) during the Second World War. To our knowledge, none of France's Resistance or World War II museums features a similar colonial exhibit. 4 Yet the question of resistance and collaboration in French Indochina was a contentious one for many decades, and

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Virile Resistance and Servile Collaboration

Interrupting the Gendered Representation of Betrayal in Resistance Movements

Maša Mrovlje

demonstrate the political relevance of this theoretical exploration on the example of two French Resistance novels, Joseph Kessel's Army of Shadows and Roger Vailland's Playing with Fire. Published in 1943 and 1945 respectively, the two novels serve as

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Colonial Subjects and Citizens in the French Internal Resistance, 1940-1944

Ludivine Broch

Forever, in July 1943, they embraced the same monochrome image of the French Resistance. The nineteen photographs of the Free French in the Fezzan, Libya, Algiers, and the navy all presented white faces, the only exception being a side-shot of Félix Éboué

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Book Reviews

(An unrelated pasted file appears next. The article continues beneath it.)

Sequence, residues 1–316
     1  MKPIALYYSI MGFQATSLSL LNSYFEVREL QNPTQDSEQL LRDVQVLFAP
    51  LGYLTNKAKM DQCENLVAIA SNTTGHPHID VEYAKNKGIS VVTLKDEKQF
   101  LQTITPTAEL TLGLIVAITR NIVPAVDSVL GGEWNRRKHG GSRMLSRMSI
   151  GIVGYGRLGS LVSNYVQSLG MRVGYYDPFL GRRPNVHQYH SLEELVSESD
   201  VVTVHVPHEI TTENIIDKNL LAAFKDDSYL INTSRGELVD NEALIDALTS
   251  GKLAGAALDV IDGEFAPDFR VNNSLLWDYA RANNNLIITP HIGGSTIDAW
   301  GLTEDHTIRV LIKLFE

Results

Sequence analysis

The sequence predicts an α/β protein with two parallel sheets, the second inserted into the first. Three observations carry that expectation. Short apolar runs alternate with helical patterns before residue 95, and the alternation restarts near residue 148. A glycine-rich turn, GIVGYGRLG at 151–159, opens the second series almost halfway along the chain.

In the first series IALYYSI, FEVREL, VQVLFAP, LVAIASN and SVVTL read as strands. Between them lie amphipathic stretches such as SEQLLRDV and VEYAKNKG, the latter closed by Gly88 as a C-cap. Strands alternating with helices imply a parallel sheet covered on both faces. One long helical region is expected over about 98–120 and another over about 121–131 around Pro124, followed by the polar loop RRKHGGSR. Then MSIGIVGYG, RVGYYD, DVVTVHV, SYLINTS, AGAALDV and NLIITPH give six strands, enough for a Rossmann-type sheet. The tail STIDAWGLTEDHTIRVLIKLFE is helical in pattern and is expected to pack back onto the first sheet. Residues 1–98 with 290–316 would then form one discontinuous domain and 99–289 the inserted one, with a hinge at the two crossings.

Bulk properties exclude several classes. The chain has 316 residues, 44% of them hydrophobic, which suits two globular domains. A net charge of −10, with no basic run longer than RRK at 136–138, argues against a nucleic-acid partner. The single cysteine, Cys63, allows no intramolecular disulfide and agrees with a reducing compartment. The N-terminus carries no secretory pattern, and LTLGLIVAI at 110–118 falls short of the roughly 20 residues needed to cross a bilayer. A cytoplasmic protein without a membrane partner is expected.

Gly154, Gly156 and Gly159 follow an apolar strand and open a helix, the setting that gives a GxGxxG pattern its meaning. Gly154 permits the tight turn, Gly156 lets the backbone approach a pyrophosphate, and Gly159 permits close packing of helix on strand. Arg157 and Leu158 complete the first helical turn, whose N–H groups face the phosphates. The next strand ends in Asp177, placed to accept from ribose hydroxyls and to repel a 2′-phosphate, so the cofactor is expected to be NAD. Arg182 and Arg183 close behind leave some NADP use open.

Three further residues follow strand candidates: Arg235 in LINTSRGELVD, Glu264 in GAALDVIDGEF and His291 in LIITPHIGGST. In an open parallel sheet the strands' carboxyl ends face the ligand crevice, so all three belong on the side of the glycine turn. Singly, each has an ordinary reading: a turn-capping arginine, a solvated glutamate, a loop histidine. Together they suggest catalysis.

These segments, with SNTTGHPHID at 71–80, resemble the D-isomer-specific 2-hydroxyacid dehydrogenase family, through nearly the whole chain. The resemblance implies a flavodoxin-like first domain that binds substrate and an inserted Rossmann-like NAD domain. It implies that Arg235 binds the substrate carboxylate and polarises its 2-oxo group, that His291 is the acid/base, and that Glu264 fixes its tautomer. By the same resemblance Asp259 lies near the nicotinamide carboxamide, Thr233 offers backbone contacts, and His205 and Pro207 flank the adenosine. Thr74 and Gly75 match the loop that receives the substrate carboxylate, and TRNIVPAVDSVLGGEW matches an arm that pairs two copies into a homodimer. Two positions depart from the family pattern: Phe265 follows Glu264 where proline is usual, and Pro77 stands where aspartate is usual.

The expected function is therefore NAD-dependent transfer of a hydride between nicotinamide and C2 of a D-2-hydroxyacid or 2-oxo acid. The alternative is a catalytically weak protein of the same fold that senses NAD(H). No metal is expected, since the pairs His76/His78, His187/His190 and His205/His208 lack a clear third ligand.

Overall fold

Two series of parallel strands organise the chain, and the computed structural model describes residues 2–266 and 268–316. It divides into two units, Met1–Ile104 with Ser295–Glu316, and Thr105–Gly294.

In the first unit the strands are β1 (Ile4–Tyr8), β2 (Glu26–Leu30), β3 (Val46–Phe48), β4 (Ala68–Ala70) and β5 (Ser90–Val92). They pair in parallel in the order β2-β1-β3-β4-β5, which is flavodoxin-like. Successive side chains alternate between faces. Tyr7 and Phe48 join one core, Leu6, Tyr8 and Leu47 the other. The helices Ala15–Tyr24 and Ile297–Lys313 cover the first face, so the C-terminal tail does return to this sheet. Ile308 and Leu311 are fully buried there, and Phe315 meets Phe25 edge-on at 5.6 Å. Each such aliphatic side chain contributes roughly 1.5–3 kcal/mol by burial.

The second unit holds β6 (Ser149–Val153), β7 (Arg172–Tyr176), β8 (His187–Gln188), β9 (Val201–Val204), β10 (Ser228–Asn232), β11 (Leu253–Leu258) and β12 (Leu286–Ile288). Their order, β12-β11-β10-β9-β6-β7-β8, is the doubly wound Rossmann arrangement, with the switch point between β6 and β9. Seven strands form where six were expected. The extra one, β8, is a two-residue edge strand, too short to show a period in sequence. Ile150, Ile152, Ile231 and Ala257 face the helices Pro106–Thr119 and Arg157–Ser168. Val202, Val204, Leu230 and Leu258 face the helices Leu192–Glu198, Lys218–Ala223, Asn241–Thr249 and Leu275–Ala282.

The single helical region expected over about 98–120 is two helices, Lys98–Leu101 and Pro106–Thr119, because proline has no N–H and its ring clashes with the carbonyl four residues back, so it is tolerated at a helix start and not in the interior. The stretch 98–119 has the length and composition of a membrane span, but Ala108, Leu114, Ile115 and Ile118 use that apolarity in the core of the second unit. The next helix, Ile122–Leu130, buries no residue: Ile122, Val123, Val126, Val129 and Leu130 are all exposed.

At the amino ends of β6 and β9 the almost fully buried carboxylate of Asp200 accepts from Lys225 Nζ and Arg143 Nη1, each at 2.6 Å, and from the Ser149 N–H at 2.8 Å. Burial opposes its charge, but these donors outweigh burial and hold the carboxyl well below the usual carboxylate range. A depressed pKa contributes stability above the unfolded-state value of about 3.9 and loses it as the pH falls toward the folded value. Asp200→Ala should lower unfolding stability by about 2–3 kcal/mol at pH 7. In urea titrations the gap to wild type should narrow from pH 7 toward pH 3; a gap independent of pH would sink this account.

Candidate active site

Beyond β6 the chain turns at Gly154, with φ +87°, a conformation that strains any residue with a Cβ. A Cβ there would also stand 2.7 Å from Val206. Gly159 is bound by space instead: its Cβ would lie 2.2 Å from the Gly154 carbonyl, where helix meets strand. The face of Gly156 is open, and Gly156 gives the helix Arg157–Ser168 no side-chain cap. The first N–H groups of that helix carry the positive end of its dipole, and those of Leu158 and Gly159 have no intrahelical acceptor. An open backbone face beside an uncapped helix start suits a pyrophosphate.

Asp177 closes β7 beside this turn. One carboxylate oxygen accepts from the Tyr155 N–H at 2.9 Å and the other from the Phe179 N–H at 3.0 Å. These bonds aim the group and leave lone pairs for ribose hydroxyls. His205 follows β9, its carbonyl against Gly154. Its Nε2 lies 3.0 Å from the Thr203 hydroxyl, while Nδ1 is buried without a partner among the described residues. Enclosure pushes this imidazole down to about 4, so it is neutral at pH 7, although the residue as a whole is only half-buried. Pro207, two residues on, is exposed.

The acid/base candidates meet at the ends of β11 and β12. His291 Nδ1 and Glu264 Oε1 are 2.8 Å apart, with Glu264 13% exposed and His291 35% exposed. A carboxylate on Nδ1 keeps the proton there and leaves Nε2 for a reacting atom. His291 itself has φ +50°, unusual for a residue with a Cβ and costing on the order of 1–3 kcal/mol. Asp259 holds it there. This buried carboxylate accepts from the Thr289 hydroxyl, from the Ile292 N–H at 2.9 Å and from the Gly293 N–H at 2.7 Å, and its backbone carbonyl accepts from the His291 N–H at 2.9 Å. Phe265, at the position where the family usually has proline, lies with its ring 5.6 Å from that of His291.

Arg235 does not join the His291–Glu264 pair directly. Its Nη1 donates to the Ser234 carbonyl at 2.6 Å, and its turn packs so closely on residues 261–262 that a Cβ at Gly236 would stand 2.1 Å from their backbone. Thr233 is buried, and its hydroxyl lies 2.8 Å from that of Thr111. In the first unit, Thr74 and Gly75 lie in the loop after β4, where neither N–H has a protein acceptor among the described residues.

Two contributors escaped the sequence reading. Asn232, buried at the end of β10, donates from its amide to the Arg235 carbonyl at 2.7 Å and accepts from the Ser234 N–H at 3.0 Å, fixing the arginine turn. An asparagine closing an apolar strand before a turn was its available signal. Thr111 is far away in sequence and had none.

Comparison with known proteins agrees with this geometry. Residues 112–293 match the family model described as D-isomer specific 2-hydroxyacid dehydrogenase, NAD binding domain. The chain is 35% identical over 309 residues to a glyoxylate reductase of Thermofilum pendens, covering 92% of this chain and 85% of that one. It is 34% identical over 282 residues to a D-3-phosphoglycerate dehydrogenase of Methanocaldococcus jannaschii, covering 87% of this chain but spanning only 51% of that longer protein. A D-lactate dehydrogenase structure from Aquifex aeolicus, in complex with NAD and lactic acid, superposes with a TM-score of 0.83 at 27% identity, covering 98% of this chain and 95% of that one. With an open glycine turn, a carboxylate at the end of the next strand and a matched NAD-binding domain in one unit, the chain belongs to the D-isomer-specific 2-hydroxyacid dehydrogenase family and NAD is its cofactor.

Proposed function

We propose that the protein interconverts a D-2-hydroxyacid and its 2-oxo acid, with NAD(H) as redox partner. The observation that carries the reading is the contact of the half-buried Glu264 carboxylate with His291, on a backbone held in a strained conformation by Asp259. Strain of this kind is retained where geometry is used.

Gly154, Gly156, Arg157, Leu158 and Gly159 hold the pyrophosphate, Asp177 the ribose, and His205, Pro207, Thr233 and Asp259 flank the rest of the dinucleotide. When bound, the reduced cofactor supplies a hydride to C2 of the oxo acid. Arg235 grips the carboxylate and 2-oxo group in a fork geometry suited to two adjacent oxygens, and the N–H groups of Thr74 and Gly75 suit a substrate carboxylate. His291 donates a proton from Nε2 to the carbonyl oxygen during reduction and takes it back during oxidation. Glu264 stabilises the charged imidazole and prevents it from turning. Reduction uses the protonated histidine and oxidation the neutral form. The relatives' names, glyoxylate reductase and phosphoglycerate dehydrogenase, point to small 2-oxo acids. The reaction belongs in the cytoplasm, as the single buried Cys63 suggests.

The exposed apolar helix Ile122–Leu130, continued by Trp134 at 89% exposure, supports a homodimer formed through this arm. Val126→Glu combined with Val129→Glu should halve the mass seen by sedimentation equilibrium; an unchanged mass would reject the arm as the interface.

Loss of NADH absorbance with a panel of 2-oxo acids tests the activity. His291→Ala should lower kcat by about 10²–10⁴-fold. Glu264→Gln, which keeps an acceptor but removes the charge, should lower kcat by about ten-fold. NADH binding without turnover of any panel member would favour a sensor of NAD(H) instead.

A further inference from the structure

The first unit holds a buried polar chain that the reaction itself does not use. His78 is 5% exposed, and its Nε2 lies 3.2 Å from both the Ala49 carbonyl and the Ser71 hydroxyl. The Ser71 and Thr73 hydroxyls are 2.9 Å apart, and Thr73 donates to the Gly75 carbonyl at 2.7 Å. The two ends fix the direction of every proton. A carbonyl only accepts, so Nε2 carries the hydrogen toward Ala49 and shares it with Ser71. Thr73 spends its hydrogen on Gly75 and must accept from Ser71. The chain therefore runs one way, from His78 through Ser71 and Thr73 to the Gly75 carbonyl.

Jennifer Pitts, William Poulin-Deltour, and Marion Fourcade-Gourinchas

Jennifer Pitts De Tocqueville by Cheryl B. Welch

William Poulin-Deltour French Resistance: The French-American Culture Wars by Jean-Philippe Mathy

Marion Fourcade-Gourinchas Rethinking Comparative Cultural Sociology: Repertoires of Evaluation in France and the United States Edited by Michèle Lamont and Laurent Thévenot

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Book Reviews

Thomas R. Flynn and Steven Hendley

Ronald Aronson and Adrian van den Hoven (eds.), We Have Only This Life To Live: The Selected Essays of Jean-Paul Sartre, 1939-1975 Review by Thomas R. Flynn

Sonia Kruks, Simone de Beauvoir and the Politics of Ambiguity Review by Steven Hendley

Sean B. Carroll, Brave Genius: A Scientist, a Philosopher, and Their Daring Adventures from the French Resistance to the Nobel Prize Review by Damon Boria